The stray cat population in the UK is at crisis point. In 2018 RSPCA Officers rescued more than 22,000 unwanted cats.
It can be difficult to differentiate a stray cat from a cat with a home. Cats are independent creatures so it’s normal to see them roaming your area. Most cat owners will have a cat flap so they can literally go in and out as they please.
However, if you have cat who is always in your garden and you’ve seen them out on the street throughout the day, here’re 5 steps you can take to help…
You have different types of stray cats, some cats may have had a home before they became a stray while others will be feral. A feral cat wont really approach you and may also hiss if you try.
If the cat you have found looks injured or sick, approach them with caution. They are likely to be wary of you and could be aggressive if they are scared. Use a blanket before picking them up in case they get their claws out. Call the RSPCA who will come and collect the cat.
If you can’t bring the cat into your home then create a shelter in your garden. It doesn’t need to be anything fancy, a simple plastic storage box lined with a blanket will keep the stray cat warm.
If the cat is making a regular appearance in your garden give them food and fresh water. A can of tuna in the first instance is a good idea (unless you already have cat food at home.) Then next time you pop to the shops get some wet and dry cat food. Cats aren’t usually greedy and only eat when they’re hungry. So a cat who gobbles up any food you give them is an indication they have no home.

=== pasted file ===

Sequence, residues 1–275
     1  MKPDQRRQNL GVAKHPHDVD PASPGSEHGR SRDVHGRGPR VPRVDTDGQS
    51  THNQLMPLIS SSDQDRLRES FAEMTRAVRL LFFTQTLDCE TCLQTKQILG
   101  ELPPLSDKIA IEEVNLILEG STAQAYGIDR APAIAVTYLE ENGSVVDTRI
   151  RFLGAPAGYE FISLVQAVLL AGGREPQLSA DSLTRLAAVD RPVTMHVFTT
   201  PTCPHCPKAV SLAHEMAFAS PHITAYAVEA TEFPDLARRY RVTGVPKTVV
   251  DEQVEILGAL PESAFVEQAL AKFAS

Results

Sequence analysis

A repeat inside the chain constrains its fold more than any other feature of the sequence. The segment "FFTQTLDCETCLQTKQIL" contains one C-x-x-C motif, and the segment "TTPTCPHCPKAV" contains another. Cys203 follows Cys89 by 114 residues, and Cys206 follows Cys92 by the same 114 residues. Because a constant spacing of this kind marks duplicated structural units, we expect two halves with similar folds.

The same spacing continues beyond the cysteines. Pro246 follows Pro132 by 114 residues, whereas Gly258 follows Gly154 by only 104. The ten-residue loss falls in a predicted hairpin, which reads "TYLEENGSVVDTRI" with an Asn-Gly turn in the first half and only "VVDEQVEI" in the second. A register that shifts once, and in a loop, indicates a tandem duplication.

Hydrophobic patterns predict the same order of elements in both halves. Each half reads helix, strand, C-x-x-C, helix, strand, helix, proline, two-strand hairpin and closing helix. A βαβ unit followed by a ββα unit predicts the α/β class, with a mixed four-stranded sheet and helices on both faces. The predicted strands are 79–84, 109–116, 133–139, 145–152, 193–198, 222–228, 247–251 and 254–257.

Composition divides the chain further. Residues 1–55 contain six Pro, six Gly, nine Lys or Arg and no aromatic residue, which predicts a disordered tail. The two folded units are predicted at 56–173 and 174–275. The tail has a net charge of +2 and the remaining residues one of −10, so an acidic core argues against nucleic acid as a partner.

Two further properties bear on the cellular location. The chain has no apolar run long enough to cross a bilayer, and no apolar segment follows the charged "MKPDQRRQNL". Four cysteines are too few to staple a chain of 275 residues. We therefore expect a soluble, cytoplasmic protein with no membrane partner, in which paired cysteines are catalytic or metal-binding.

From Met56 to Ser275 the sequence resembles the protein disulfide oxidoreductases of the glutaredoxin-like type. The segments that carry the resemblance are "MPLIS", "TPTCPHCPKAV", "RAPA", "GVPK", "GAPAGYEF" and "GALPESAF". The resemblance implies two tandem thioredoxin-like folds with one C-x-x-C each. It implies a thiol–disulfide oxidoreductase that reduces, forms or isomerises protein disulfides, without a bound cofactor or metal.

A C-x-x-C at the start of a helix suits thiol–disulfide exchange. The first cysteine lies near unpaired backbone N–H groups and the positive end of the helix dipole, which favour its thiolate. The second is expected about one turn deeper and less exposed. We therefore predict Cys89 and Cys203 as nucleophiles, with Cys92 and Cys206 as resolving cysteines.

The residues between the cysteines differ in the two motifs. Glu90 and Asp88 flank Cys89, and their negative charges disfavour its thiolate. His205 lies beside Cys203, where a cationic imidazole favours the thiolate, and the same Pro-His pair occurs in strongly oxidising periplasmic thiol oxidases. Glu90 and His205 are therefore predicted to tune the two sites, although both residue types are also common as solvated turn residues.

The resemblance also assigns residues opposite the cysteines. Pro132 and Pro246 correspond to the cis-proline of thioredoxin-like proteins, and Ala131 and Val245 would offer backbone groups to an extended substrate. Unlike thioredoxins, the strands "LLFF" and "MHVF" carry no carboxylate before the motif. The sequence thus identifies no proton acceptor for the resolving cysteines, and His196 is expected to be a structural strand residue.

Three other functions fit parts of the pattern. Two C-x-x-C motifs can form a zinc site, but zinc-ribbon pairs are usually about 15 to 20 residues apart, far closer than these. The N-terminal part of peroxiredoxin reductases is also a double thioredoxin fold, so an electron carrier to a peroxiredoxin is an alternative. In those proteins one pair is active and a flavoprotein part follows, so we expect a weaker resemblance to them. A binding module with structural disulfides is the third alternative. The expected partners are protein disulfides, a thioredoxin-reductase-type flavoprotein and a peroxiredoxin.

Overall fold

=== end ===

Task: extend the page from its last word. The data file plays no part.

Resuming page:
Ask around your neighbourhood to find out if your new visitor has a home. Create a lost cat flyer with a photo and stick it around your area. It’s also worth posting on social media to find out if anyone in your area has lost a cat.
Take the stray to your nearest vets or Cats Protection branch. They can scan the cat to see if they have a microchip, which will have the details of the owner.
If you have gone through the above steps and no owner has come forward you can keep the cat if you want to. Make sure you are able to look after the cat, pay for any veterinary treatments if they need it and for their food and wellbeing. Getting the cat microchipped is also a good idea and a collar with your details on it too.
Most importantly, if you are keeping the stray cat please get them neutered/spayed ASAP. The last thing you want is the cat getting pregnant – and they can get pregnant multiple times a year! Even if the cat you’re taking in is a boy, do the responsible thing and get him neutered.
There are already so many unwanted cats wandering the streets, becoming feral because they’ve had no human contact. With nowhere warm to sleep, no proper food and no love, this isn’t the quality of life a cat or any animal should have to endure. So if you plan on keeping a stray cat make sure neutering/spaying them is on the top of your list.
If keeping the cat isn’t a option for you then contact your nearest Cats Protection branch who can rehome the cat.